Home » eServiceCard: tokens for benefits

e-Service CardTokens for Benefits

Easy operations and secure settlements for your community service programs

eServiceCard® enables organizations to create their own ecosystem to issue, use and settle transactions using tokens.

Nearly all cities, towns, municipalities or non-profit organizations have arrangements and programs for those people under their care and in need. Often these programs are structured, sometimes fragmented across services and organizations.

Not only does the organization and implementation of these programs cost time and money, but also the entire administrative processing often takes a lot of time.
The latter has to do with control to prevent abuse – after all, it concerns public money – but also because many programs are unique and there is a need to collaborate with multiple, internal and external, stakeholders and participants.

We have developed the eServiceCard application for this. An application with which parties can optimize the administrative processes and can trust the correct use of the funds.

In short, it works like this: a municipality – or other organization – can allocate a ‘budget’ to someone who qualifies for a certain program. This can be done on an ad hoc basis, based on a selection, but it can also be the result of a workflow process in the case management system of an organization. The allocated budget is then linked to a specific ‘Token’.


About Tokenization

A token has (programmable) specific characteristics and rules. Think, for example, of tokens that you receive at a festival: for a yellow token you can get a beer, for a brown token a burger. But only on the day of the festival.
Money is in fact also a token: it is a piece of paper that says 5 euro. You can exchange it for goods and services, in the Netherlands, Germany, etc., but not in England or Scotland.

In Weert, for example, we have tokens for Clothing that can only be spent on clothing at certain pre-approved suppliers on a certain days or weeks.

But that can of course be much broader:

  • cultural: theater visit or library,
  • sports: swimming or sports,
  • food bank,
  • shelter, support, etc.
  • or even municipal services, for example the use of a waste depot (how often, how much).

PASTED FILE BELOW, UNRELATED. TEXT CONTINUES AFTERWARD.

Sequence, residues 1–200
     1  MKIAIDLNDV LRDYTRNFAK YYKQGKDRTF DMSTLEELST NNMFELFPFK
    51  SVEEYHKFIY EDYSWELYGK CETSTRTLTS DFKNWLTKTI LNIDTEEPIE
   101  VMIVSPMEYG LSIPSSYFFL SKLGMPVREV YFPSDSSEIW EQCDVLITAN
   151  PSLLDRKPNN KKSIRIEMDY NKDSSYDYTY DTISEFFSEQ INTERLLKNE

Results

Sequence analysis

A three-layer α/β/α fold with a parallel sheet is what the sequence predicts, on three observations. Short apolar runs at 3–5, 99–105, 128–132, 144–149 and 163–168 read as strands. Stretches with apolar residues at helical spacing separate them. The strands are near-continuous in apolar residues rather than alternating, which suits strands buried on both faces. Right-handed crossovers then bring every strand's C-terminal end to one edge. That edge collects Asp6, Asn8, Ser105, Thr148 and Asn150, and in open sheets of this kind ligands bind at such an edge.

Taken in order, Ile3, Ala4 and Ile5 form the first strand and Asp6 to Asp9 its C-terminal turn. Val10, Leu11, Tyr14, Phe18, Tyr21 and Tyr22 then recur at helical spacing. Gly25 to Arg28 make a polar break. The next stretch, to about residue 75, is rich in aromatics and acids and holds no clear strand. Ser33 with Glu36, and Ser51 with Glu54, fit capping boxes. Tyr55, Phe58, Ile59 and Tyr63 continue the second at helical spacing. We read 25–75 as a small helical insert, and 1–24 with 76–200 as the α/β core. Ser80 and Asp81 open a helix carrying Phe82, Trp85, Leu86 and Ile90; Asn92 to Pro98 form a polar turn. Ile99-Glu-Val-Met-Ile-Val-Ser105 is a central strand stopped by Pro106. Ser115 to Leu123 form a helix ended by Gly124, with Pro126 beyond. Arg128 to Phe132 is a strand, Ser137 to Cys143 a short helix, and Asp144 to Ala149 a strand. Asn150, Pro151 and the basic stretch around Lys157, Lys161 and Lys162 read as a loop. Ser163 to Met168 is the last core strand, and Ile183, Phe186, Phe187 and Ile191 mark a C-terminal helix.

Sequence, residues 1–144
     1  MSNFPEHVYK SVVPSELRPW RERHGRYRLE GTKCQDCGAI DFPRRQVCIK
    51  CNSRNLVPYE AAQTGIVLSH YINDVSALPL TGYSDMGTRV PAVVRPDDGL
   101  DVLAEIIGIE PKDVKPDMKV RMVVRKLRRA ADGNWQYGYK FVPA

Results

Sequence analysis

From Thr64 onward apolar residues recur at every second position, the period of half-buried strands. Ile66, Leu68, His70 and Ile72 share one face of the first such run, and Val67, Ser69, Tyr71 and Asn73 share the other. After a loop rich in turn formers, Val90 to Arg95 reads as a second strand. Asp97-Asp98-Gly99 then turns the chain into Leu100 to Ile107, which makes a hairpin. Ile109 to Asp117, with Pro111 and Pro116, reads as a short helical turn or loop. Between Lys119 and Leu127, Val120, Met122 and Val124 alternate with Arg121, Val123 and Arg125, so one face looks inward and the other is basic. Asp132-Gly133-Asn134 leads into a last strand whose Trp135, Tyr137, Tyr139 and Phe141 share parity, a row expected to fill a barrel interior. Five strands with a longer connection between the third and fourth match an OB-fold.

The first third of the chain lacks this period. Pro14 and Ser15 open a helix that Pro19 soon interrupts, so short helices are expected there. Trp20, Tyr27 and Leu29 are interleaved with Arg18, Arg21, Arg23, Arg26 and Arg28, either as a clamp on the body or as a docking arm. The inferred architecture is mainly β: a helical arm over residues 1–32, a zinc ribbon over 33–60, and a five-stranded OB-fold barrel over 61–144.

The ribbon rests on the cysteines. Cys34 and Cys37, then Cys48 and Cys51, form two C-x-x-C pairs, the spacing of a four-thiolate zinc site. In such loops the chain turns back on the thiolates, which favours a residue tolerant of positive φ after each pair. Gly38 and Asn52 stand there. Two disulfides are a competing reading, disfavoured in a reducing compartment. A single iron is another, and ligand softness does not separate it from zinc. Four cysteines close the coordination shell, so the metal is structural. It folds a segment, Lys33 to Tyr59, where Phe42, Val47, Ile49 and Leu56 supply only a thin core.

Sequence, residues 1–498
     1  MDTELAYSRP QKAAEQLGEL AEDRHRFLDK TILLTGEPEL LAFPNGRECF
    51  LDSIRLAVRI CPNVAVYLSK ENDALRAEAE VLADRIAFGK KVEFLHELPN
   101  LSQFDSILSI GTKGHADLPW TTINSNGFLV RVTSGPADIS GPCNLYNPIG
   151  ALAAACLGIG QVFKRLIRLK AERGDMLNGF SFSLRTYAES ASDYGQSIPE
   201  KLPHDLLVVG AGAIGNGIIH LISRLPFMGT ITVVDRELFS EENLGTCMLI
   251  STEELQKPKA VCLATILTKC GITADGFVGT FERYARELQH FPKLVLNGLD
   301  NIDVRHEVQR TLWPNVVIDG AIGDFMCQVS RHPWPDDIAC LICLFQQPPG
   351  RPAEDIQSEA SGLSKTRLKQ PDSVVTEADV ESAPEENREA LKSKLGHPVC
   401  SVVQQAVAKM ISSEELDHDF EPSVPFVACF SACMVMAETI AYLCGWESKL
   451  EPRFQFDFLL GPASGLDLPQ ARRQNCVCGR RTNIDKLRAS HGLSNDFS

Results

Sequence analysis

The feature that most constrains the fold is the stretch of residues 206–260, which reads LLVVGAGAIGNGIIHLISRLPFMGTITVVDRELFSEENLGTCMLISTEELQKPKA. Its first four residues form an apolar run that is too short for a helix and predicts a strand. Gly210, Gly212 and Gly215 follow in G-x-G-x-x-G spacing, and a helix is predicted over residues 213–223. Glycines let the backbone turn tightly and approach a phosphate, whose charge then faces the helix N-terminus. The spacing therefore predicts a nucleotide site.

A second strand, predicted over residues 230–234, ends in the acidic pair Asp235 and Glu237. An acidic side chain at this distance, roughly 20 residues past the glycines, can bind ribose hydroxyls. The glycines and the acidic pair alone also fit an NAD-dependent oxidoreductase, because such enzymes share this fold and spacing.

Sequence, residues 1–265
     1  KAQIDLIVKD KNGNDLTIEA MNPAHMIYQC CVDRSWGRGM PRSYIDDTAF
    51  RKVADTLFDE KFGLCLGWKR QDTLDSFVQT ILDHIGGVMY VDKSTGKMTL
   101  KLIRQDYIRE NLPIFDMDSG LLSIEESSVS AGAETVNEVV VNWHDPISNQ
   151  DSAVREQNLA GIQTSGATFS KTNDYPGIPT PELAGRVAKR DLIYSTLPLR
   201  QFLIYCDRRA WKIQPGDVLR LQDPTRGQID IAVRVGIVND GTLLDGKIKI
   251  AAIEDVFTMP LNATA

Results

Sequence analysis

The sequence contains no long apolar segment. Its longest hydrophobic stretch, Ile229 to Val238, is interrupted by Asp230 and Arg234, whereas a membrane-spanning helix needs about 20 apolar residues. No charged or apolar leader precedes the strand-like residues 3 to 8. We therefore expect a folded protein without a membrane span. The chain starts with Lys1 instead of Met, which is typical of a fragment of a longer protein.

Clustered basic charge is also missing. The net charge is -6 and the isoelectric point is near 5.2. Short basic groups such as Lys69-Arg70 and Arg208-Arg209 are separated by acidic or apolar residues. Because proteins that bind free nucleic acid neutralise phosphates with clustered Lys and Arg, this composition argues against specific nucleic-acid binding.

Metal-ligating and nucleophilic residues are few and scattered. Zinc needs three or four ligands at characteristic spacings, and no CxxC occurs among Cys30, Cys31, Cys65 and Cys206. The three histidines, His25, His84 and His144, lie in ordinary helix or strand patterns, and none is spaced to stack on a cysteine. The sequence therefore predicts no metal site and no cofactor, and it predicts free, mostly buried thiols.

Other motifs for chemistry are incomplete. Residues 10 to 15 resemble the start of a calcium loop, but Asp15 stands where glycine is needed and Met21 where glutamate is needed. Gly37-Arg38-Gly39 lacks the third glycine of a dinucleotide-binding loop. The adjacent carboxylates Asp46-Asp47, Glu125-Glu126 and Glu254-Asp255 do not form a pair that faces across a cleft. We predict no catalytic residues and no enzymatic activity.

The key here is that you can program a token for the specific purpose and use.


User registration

It starts with allocating a budget for a specific purpose and with specific rules. The client will receive a message about this. The message contains a link to the eServiceCard App and a one-time registration code.
During registration, a unique digital wallet id is created for the client and the budget of tokens is placed in the digital wallet of the client.


Buying goods or services

The client can now start using the tokens. For this he can go to a provider that also has an eServiceCard Provider App.
The provider presents a ‘price tag’ in the form of a QR code. The client then scans the QR code with their own eServiceCard App. After checking and approval by the client, the transaction is executed, and the tokens are moved from the client’s wallet to the provider’s wallet.
The transaction itself is anchored on a public blockchain ledger, but no personal information id recorded.

eServiceCard - Screenshots

Online Store

The same process can also be used in online shops of the municipality itself or from other providers. Upon payment, a QR code can also be displayed in the online shop checkout for the full amount of the goods or services. Or for a discount on them.


Administrative control and handling

As mentioned, we record these transactions on a blockchain ledger. This explicitly establishes the fact that a pre-authorized client has approved a transaction with a pre-authorized provider at a specific time. (Again, no personal data is recorded on the blockchain.)

This is the basis of the control and compliance. It is anchored and fixed in the system. Therefore, the settlement processing between the provider and the issuer, the city, town or municipality, can now be done automatically.

Based on the transactions in the blockchain, a report is made by a program and electronic invoicing can take place based on the ‘self-billing’ principle. These electronic invoices can be processed by the financial applications of both the municipality and the provider.
The approval of the payment itself can also be simplified, after all, the formal, legal, basis has already been established.

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